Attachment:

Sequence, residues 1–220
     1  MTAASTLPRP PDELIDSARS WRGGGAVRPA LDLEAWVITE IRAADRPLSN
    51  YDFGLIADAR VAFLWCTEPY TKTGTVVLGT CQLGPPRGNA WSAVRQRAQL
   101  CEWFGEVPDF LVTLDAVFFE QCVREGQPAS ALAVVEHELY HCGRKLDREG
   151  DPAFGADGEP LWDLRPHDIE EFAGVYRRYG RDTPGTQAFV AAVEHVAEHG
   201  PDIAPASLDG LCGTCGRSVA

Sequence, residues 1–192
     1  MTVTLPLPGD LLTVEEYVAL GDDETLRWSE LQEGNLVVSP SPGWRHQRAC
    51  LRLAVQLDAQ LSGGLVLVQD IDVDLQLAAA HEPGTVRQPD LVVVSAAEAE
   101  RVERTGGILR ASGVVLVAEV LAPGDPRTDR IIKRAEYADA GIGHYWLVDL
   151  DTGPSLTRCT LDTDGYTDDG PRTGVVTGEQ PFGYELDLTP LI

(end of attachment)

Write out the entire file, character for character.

Sequence, residues 1–220
     1  MTAASTLPRP PDELIDSARS WRGGGAVRPA LDLEAWVITE IRAADRPLSN
    51  YDFGLIADAR VAFLWCTEPY TKTGTVVLGT CQLGPPRGNA WSAVRQRAQL
   101  CEWFGEVPDF LVTLDAVFFE QCVREGQPAS ALAVVEHELY HCGRKLDREG
   151  DPAFGADGEP LWDLRPHDIE EFAGVYRRYG RDTPGTQAFV AAVEHVAEHG
   201  PDIAPASLDG LCGTCGRSVA

Sequence, residues 1–192
     1  MTVTLPLPGD LLTVEEYVAL GDDETLRWSE LQEGNLVVSP SPGWRHQRAC
    51  LRLAVQLDAQ LSGGLVLVQD IDVDLQLAAA HEPGTVRQPD LVVVSAAEAE
   101  RVERTGGILR ASGVVLVAEV LAPGDPRTDR IIKRAEYADA GIGHYWLVDL
   151  DTGPSLTRCT LDTDGYTDDG PRTGVVTGEQ PFGYELDLTP LI